GP traineeships in the Netherlands take 3 years, and trainees spend their first and third years working in a general practice, where they mostly see patients alone and consult with their supervisors on a regular basis to discuss patients and problems, receive feedback and improve their competencies. We refer to these face-to-face meetings with the supervising GP as tutorial dialogues (TDs) (Chi et al. 2008; Vanlehn et al. 2007). It is unknown how diagnostic reasoning is discussed in these tutorial dialogues and whether gut feelings play a role. Our first research question therefore was what supervisors and their GP trainees discuss in tutorial dialogues on diagnostic reasoning. The second question was how gut feelings feature in these dialogues. Therefore, we used both qualitative and quantitative methods to describe the topics discussed, the nature of diagnostic reasoning, and how and to what extent gut feelings feature in these dialogues.


Data collection

We approached (2010) all eight Departments of General Practice of universities in the Netherlands, inviting them to collect video recordings of TDs on diagnostic reasoning in general, thus without disclosing our second research question We received 21 TDs from seven departments. Four of them did not fit the inclusion criteria (recording too poor, participants unknown or dialogue not related to diagnostic reasoning about patients). The participants were 16 GPs (6 female) and 16 trainees (14 female). We received two recordings from the same supervisor and trainee. Five trainees were in their first year of training and 12 in their third year. The participants were from all over the country. The current percentage of female GP supervisors in the Netherlands is about 30 %, and the percentage of female trainees is about 75 % (source: SBOH, the employer of GP trainees,, August 2012). The gender distribution in our sample (36 % female supervisors and 86 % female GP trainees) differed little from these national data. In one TD a dietician shortly entered in the middle of the conversation but had an insignificant contribution to the conversation.

Data analysis

The 17 TDs were transcribed. Both a qualitative and a quantitative analysis was performed. The aim and content of the TDs were described and the diagnostic reasoning process was analysed. Illustrative quotes were selected. Atlas.ti was used for a detailed bottom-up and iterative content analysis and coding procedure (Neuendorf 2002; Krippendorff 2012). At least one code was assigned to each turn in the dialogues; turns were further segmented into quotes based on content changes. After 5 protocols had been analysed, a coding scheme was drawn up by a team of four researchers. All authors were informed about the procedure and the progress via interim reports, and discussed them in regular meetings. Two researchers divided up all protocols between them for coding, checked each other’s codes, and discussed the differences until agreement was reached. After 13 transcripts had been coded, the coding scheme appeared to be complete: no new codes were necessary and saturation was reached.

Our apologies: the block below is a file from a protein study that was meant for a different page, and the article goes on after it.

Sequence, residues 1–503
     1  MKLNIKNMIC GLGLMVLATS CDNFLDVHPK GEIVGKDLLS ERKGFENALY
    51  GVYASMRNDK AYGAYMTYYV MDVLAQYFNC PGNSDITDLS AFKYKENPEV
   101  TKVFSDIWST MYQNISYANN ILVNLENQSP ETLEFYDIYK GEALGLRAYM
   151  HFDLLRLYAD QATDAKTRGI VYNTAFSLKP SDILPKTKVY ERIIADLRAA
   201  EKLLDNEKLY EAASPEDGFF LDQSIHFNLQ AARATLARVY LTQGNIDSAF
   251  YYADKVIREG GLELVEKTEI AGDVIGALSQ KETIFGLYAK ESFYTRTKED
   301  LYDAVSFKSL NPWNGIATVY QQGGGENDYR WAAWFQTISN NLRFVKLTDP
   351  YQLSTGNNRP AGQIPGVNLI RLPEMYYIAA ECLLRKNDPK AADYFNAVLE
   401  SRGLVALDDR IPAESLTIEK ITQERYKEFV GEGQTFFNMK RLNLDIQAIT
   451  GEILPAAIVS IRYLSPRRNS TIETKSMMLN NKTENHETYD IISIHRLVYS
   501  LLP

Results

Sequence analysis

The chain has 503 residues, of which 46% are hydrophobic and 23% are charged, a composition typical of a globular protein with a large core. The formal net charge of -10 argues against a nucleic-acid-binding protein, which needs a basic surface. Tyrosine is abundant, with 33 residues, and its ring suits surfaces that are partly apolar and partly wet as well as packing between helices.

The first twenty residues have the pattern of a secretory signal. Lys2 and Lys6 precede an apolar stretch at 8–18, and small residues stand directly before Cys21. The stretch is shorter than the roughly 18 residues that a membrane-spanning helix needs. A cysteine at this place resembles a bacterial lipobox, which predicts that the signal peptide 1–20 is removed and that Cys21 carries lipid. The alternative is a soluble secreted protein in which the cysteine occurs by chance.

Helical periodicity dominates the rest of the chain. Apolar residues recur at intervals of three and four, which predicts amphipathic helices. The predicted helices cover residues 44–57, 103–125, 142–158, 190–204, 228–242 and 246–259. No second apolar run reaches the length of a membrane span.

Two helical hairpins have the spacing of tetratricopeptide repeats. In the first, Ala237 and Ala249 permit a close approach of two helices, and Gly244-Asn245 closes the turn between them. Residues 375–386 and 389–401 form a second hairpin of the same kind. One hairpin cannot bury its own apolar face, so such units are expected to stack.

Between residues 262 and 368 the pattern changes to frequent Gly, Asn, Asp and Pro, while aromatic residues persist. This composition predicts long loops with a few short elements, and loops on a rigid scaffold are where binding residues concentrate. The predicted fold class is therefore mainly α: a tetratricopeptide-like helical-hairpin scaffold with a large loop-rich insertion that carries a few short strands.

Table 1 presents the main categories in our coding scheme. We distinguished between a reporting phase in which the trainee reported his/her actual diagnostic reasoning during the patient consultation, and an analysis phase in which both the supervisor and the trainee analysed the process of diagnostic reasoning. In both the reporting and analysis phase, five main categories related to topics of discussion were distinguished: diagnostic reasoning (DR), management, communication, diagnostic reasoning process, and gut feelings. In addition, two other categories described the quotes that were used to structure the TDs or that were irrelevant. The whole text was coded, quotes did not overlap and each quote was given a content code referring to the topic of discussion and a speaker code referring to either the supervisor or the trainee. This procedure enabled us to use the number of words per code as a unit of analysis to describe how much attention was paid to certain topics as well as to compare the contributions made by trainees and supervisors. (Chi 1997)

Table 1 Mean number of words used in a tutorial dialogue and the percentage of words per coding category for trainees and supervisors


Description of TDs

Most of the TDs were debriefings about one or more patients encountered by the trainees during the office hours (n = 13). In the 17 TDs, 44 patient cases were discussed (mean 2.6, range 0–7), 37 initiated by the trainees and 7 by the supervisors. The dialogues lasted on average of 32.5 min (range 13–57). These meetings often had a rather routine character and the aim, i.e. debriefing patients, was mostly not explicitly stated. On some occasions (n = 4) a trainee formulated a clear goal such as seeking advice for a differential diagnosis, presenting the results of a literature search on the significance of a diagnostic test or discussing the diagnostic role of gut feelings. In TD number 16, the supervisor presented his own diagnostic problem with a patient and asked the trainee to think along with him. In TD number 17, the supervisor put a lot of effort into instructing the trainee in the use of cross tabulation (see Fig. 1). In another case, a supervisor asked the trainee for an account of his reasoning process based on a patient’s record. Only two cases involved an evaluation of the TD, i.e. what the trainee got out of it, or an appointment for follow-up. In general, the discussion ended when there were no more patients to be discussed. Even the discussions about patients were often open-ended, i.e. without conclusions or agreements (32 of 44 cases).

Fig. 1
figure 1

Percentage of words per tutorial dialogue for each participant (supervisor, trainee, dietician)

Topics discussed